Skip to Content

What is the Cash Flow? 

The discussion of cash flow will be restricted to the cash flows of companies.  Most of the corporate accounting is done on an accrual basis, rather than a cash basis.  However, by regulation, each company reporting to the Security & Exchange Commission (SEC) must include in their reports a Cash Flow Statement.  This statement shows the amounts of cash generated and used by the company for various purposes.

     Cash Flow Statement 

The Cash Flow Statement has three sections, although sometimes there is a “Supplemental Information” section at the bottom.  The three sections show details about cash generated and used within three categories of activities.  These are (1) Operating Activities; (2) Investing Activities; and (3) Financing Activities.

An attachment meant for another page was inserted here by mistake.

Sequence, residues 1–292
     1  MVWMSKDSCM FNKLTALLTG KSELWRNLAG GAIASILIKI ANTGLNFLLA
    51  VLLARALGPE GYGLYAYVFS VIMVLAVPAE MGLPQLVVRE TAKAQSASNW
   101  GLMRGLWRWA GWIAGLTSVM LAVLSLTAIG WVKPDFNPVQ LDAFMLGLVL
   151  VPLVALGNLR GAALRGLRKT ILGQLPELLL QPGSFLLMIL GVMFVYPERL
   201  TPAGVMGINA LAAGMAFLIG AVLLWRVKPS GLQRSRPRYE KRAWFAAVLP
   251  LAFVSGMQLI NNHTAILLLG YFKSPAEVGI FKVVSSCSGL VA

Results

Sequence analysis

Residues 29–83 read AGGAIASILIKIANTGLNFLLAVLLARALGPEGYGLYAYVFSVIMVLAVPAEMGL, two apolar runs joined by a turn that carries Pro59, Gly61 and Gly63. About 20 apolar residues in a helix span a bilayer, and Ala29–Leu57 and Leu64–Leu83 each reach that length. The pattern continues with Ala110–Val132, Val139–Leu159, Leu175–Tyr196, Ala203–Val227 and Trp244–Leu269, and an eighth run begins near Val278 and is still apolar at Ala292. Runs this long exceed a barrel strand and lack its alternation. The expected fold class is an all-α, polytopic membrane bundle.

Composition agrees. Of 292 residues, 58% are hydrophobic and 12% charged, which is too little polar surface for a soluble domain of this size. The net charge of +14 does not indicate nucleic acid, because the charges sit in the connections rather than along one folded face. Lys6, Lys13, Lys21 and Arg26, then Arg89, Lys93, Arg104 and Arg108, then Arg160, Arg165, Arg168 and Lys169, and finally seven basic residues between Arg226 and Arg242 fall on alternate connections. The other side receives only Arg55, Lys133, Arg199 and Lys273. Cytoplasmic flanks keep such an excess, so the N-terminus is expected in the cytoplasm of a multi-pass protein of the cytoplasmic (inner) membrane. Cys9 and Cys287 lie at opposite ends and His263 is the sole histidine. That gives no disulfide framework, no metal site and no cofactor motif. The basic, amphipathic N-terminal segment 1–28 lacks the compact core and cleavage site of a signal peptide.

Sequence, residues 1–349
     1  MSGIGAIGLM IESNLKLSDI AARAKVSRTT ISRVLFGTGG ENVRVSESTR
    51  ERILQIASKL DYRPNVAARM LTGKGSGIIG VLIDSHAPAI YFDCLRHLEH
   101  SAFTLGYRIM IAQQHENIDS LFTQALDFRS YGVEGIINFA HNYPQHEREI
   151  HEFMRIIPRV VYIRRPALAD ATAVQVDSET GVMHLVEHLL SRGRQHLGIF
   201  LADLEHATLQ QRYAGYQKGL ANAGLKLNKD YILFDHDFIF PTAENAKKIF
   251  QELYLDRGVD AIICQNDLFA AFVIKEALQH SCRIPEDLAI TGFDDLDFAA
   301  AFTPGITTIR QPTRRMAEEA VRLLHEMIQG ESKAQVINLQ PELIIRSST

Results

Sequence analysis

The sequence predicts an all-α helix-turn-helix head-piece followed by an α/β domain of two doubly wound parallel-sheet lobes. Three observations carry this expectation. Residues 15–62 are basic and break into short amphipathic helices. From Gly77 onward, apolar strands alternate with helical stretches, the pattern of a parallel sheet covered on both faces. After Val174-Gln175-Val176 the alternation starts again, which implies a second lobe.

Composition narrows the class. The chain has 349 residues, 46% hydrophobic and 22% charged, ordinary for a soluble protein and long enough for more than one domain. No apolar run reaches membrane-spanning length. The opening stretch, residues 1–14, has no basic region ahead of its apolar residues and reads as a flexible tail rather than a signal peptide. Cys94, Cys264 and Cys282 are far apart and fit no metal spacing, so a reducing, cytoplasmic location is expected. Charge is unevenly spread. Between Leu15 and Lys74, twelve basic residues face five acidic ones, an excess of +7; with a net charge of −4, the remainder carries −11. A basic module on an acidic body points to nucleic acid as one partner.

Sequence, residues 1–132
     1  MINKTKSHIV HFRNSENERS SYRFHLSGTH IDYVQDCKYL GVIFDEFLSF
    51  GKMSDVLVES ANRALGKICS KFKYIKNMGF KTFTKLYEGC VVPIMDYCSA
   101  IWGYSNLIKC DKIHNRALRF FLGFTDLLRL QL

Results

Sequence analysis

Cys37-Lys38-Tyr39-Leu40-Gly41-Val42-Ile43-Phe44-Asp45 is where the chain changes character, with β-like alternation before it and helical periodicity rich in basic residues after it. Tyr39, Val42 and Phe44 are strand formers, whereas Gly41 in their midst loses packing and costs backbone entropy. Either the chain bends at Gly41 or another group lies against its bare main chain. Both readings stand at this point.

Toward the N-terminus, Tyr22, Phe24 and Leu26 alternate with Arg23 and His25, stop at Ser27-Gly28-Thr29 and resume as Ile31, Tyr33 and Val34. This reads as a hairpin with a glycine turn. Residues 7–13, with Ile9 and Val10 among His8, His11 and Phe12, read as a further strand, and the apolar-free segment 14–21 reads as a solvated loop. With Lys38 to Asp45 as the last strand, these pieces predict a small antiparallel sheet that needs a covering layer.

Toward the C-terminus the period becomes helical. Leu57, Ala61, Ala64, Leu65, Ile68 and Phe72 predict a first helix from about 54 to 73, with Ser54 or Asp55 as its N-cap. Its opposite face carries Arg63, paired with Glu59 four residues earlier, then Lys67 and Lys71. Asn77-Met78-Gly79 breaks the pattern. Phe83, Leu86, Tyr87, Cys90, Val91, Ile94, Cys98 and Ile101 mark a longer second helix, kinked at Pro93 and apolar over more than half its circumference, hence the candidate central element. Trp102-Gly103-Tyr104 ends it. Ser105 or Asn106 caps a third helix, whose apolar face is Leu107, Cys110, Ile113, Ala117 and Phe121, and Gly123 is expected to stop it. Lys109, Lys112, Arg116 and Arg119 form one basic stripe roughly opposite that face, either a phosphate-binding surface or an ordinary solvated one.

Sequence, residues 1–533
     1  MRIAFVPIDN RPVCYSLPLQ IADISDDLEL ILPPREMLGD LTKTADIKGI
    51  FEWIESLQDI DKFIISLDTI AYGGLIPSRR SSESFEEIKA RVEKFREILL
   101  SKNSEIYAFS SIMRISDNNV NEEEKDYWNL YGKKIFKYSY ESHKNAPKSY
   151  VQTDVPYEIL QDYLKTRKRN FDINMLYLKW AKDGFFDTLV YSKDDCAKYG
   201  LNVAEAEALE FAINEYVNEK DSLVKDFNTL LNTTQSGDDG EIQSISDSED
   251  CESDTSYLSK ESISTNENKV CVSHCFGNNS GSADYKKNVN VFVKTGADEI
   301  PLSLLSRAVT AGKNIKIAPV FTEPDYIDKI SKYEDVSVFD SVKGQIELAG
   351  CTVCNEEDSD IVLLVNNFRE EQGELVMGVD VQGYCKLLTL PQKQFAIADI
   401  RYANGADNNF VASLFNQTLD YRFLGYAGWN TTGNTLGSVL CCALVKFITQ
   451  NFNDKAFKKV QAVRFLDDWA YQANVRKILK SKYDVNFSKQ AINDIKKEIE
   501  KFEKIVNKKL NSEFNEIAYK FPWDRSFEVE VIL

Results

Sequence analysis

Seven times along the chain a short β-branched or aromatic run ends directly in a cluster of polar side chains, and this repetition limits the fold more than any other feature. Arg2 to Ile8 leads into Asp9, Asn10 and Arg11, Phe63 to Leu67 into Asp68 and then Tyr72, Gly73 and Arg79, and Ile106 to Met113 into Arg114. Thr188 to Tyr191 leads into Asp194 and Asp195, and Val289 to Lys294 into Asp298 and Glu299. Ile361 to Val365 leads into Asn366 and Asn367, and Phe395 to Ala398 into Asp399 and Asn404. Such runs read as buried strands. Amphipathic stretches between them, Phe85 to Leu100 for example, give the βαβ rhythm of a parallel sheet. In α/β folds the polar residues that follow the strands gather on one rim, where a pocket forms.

The section on Operating Activities first reports the Net Income, and then converts it from the accrual basis to the cash basis.  The section on Investing Activities reports any changes to long-term asset accounts, such as expenditures on buildings and equipment.  The section on Financing Activities reports changes to long-term liability accounts, such as long-term debt, and changes to stockholder’s equity accounts, such as retained earnings. 

At the end of the Statement of Cash Flows, these three sections are summed up to give either an increase or decrease in cash for that time period.

The Dividend Growth Investing website has a great interest in corporate cash flow statements, since we view the ability to pay increasing dividends as dependent on a company generating excess cash flows.  In order to pay us more and more money per share, the company needs to be generating it.

Subscribe Now!